I spent my Sunday as a grading panellist at one of our main annual shodan examinations. As I chaired the panel for part of the session, one of the other judges asked if I would talk to the candidates about our expectations for chakuso, or the way that we wear our clothing and equipment.
Lecturing dan grade candidates on this point may seem to some to be somewhat pedantic, but it is surprising to see how many people enter an examination without being correctly dressed. In some cases himo are miss-tied because of grading nerves, or the need to put equipment on quickly, but in many cases they are in the habit of doing it wrong. It really is important to wear your dogi and bogu correctly as this is a good barometer of your understanding of kendo etiquette.
Some frequent faults are that kote himo that are too long, so that either the kote fit incorrectly or there is a length of himo left hanging below the knot, dou and tare are worn too high or too low, hakama are too long or too short, or keikogi are either open at the neck or allowed to bunch up at the back. By far the most common error is to tie men himo so that the loops and the remaining ends are not of even length and that either or both exceed the regulation 40cm.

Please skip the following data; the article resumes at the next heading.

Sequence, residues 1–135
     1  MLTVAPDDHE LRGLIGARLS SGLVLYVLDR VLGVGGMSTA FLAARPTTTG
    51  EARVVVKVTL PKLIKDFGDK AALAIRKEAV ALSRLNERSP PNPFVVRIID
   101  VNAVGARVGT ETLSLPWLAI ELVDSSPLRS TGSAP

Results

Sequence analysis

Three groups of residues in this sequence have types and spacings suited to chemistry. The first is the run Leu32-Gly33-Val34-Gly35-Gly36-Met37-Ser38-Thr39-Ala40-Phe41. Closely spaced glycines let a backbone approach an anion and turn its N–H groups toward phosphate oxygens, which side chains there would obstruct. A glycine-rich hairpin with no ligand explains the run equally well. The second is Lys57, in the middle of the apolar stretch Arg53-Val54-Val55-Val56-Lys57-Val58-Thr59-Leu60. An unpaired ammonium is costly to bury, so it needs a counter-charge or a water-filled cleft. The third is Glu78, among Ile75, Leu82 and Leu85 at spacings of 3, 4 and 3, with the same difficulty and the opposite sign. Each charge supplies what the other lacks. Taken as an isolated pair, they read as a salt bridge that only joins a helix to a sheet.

It is worth considering that not all men-himo are created equal. They come in lengths of 7 shaku (212 cm), 8 shaku (242 cm), or 9 shaku (278 cm). 8 and 9 shaku himo are for tying Kansai style men, where the himo are attached to the top of the men and cross at the tsukidate and again go through the top mengane before being tied at the back of the men. Obviously, if you tie these longer himo from the bottom of the men, they will leave an overly long surplus. On the other hand, 7 shaku himo are for some strange reason, just a bit too long to finish at the required 40cm. So whichever you buy, you need to shorten them.
Himo are expensive, so it seems a shame to cut them, but it is a must. Once you have done so, you need to tie-off or plait the frayed ends so that they do not continue to unravel. I have included an illustration from Kendo, A Comprehensive Guide that shows you one way to this.